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Brothy Beans with ‘Nduja and Orange

Renée Robinson

Nothing At All Boring About This Pot of Beans.

Brothy beans. I just love the sound of that. Good beans in a really good broth. That’s all there is to it. And yet, it can be so boring if some care isn’t put into making it. Let’s start with the beans. I thought it would be more interesting to have more than one kind. I used Rancho Gordo’s Royal Coronas and their San Franciscano beans. Knowing these would not cook in the same amount of time I soaked them in salted water separately overnight.

The next day I drained them and added chicken stock and fresh thyme sprigs to each pot. I started them on the stovetop and then popped them in a 300° oven until they were nice and tender. As I mentioned, I knew these wouldn’t cook in the same amount of time. The size of the bean was no indicator of how long these would take. The huge Royal Coronas took less than half the time of the much smaller San Franciscanos. 

I let them sit until I was ready to eat, which was a few hours later. At that time I combined them and added the juice of one orange and an ounce of ‘ndu ja *, that delicious spreadable salami-type ingredient. ‘Nduja is so powerfully flavored it only took that small amount for it to fully flavor the whole pot of beans. I keep it in my freezer and cut off a chunk when I need it for a recipe.

I then stirred in a half cup of heavy cream, let it get good and hot and served it up with a good drizzle of olive oil, chopped parsley and orange zest. I recommend using at least a couple different types of beans to keep it interesting. In this case the large Royal Coronas are extremely creamy and the smaller San Franciscanos have a meatier texture. Both of them took extremely well to the flavorings and couldn’t have been more satisfying. This is by far my favorite pot of brothy beans I’ve ever made. We all loved it.

 

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Brothy Beans with 'Nduja and Orange

Recipe by Renée Robinson
Servings

6

servings

This creamy bowl of brothy beans is flavored with 'nduja, orange juice, and zest. It's a flavor explosion of the best kind. Comforting and exciting at the same time. My kind of food.

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Ingredients

  • 2 cups 2 heirloom beans, 1 cup of each type of bean

  • 2 quarts 2 chicken stock

  • 8 sprigs 8 fresh thyme

  • 1 1 navel orange, juice and zest

  • 1 ounce 1 'nduja *

  • 1/2 cup 1/2 heavy cream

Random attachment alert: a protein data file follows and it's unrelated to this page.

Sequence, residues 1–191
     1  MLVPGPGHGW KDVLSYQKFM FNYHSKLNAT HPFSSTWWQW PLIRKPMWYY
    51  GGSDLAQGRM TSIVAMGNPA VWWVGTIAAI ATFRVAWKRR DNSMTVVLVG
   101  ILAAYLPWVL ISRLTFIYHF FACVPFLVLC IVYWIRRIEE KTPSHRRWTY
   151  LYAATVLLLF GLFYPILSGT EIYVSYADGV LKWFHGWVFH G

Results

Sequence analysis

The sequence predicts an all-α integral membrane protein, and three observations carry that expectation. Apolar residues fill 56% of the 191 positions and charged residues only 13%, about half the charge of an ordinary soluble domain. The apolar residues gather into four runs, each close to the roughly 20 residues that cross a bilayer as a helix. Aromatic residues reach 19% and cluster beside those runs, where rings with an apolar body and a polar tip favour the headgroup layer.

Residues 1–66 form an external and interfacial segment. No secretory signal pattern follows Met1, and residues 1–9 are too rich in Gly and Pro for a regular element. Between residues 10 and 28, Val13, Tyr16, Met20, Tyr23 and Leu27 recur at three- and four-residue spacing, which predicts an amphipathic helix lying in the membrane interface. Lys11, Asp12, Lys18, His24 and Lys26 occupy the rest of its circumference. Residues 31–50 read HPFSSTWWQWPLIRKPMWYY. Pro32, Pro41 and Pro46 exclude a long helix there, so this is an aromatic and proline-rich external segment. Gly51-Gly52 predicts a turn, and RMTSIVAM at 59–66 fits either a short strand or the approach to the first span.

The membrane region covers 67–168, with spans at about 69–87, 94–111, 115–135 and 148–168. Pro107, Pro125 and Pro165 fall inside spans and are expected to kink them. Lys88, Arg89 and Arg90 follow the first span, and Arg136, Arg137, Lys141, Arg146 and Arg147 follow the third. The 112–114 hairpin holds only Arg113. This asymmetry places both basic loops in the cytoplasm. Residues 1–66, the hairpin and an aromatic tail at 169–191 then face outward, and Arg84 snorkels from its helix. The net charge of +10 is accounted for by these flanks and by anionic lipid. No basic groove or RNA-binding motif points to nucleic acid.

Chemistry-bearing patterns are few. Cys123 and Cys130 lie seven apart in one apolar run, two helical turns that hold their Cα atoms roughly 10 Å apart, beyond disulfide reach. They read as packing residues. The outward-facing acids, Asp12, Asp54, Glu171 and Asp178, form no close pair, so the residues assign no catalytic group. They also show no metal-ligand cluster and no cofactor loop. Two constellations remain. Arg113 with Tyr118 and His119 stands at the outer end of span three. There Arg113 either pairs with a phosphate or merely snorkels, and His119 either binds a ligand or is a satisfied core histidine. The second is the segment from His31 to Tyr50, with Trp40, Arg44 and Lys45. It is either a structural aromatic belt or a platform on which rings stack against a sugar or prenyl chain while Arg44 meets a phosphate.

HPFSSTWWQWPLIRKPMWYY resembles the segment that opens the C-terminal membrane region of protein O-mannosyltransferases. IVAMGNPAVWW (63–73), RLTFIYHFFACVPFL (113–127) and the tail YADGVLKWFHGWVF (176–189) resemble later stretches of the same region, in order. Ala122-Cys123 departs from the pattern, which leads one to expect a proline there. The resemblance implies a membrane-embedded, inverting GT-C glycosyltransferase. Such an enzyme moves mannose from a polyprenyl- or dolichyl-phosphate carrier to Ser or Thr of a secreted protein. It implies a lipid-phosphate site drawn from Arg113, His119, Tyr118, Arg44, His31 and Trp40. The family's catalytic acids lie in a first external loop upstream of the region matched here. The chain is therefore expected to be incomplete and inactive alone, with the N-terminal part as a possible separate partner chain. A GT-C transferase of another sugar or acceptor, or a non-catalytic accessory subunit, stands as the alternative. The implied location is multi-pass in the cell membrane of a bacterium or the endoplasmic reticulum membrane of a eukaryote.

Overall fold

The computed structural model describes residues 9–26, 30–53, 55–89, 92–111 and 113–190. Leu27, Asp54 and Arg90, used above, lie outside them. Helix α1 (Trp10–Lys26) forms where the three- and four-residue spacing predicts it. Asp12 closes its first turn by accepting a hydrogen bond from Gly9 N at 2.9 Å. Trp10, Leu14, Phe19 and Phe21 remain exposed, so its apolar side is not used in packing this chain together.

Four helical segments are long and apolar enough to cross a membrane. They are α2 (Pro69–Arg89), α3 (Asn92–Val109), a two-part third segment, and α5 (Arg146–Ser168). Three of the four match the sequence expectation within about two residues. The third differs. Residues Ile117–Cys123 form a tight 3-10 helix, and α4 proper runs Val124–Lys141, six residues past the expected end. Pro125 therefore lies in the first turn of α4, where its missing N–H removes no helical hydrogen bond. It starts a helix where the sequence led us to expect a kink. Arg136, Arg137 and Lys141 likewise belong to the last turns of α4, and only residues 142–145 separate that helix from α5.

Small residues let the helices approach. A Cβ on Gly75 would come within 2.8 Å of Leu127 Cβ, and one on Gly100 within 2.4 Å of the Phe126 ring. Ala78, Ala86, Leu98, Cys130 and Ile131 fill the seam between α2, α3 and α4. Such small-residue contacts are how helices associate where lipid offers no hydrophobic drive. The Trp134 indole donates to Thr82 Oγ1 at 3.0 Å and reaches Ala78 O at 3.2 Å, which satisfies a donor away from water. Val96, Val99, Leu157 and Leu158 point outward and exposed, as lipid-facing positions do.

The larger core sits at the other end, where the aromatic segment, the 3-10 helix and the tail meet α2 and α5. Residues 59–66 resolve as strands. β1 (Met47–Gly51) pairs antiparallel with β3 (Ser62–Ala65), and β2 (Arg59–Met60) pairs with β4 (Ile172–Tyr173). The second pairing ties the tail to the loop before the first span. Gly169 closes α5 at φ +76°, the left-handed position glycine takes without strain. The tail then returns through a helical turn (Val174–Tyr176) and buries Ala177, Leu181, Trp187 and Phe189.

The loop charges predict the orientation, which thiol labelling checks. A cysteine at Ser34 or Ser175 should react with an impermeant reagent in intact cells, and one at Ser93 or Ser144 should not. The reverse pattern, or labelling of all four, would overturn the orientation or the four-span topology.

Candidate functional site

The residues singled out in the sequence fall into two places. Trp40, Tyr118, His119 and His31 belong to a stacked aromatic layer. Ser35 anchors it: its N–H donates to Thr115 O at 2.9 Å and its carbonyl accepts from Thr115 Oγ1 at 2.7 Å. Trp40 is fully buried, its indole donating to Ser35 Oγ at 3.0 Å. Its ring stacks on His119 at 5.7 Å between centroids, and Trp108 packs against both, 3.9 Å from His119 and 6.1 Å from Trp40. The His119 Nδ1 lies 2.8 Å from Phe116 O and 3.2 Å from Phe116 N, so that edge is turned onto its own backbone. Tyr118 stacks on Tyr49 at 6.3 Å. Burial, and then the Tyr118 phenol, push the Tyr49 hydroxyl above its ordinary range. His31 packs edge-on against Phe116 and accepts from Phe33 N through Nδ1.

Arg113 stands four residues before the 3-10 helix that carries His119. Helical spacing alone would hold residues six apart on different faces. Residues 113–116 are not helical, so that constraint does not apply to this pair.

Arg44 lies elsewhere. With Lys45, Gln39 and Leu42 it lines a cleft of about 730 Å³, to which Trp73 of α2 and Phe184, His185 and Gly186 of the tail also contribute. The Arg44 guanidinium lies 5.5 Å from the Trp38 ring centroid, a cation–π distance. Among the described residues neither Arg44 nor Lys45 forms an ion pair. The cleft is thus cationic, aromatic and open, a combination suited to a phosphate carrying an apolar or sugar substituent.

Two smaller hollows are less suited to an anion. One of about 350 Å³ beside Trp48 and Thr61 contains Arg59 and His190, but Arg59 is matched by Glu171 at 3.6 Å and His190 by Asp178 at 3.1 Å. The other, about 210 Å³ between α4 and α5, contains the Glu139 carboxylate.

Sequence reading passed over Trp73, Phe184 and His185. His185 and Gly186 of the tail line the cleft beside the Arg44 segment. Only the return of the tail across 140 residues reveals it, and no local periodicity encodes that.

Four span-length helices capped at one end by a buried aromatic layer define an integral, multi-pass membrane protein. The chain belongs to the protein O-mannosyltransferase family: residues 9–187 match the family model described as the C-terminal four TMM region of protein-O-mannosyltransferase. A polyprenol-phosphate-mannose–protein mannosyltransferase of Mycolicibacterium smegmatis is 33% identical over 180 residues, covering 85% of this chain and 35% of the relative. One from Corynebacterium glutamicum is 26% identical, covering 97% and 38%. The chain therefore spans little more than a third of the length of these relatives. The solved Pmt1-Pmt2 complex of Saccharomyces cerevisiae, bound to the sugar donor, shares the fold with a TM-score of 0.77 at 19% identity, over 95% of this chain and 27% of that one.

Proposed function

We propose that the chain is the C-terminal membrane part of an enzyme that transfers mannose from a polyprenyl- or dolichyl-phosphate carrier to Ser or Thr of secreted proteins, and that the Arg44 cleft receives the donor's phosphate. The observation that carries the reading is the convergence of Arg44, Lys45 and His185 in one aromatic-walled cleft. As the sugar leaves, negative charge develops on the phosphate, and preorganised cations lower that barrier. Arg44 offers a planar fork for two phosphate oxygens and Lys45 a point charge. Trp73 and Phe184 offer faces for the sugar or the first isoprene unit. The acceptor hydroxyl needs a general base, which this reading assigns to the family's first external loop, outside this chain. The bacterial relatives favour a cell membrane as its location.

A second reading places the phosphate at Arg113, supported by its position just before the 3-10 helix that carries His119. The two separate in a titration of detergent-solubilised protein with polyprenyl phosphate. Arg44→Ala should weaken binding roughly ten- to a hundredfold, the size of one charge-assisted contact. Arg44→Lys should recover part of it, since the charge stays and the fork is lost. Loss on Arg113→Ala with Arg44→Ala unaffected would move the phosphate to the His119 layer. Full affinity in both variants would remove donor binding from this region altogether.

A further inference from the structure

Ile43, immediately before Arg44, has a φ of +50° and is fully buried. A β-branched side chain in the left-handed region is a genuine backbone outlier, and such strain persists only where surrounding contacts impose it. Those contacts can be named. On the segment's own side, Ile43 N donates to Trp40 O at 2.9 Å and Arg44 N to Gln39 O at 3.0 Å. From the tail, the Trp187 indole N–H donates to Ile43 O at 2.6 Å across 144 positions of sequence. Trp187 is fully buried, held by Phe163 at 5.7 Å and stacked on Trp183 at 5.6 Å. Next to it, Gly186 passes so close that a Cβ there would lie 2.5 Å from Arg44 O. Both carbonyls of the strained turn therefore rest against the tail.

• Extra virgin olive oil

  • Black pepper, coarsely ground

  • 3 tablespoons 3 chopped parsley

Directions

  • In 2 separate pots or bowls, add 4 cups water and 1 tablespoon Diamond Crystal salt, stirring to dissolve the salt. Add I cup of each type of bean to each pot. Cover and let sit overnight.
  • The next day preheat the oven to 300° with a rack in the middle.
  • Drain the beans and put them into individual large saucepans with 1 quart of chicken stock or broth and 4 sprigs of fresh thyme in each pan. Bring to a boil and let boil for 5 minutes. Put the lid on each pan and place them in the oven. Check after 1 hour for doneness. Depending on the type of bean, this can take anywhere from 1 to 3 hours. In my case, the large Royal Corona beans were in the oven for 1 hour and 10 minutes, whereas the smaller San Franciscano beans took 2 1/2 hours.
  • After the beans are done, let them sit for at least 30 minutes. When ready to serve, combine the beans and their broth in a large pot. Add the orange juice and nduja and cook over medium heat until the nduja is fully melted. Stir in the heavy cream. Taste for seasoning. Serve in bowls with a drizzle of olive oil, and scatter on the parsley, orange zest and a few grinds of black pepper. I highly recommend serving it with some good crusty bread. Enjoy!

4 Responses

  1. This is going on the menu for this week! The kids and I are going to have the recipe as is (except for subbing BTB no chicken chicken stock). Is there anything that I could reasonably sub for the njuda for my vegetarian husband’s portion?

    1. Hi, Danielle! So happy to hear you’re going to make this. You’ll be fine with the BTB No Chicken Chicken Stock. As to the substitution for the ‘nduja, I’d recommend a little smoked paprika, and a little extra salt and pepper. If you have any Aleppo pepper, that would also be a good addition. Otherwise, I think it will be fine. Please let me know how you like it! Thanks!

  2. Ooh yum! Ordered nduja so I could make your chicken recipe. Now I’m going to have to make these beans too. Thanks!

    1. Well, I think this is wonderful. It’s such a flavor packed ingredient. I’ll be posting more recipes with it.😊

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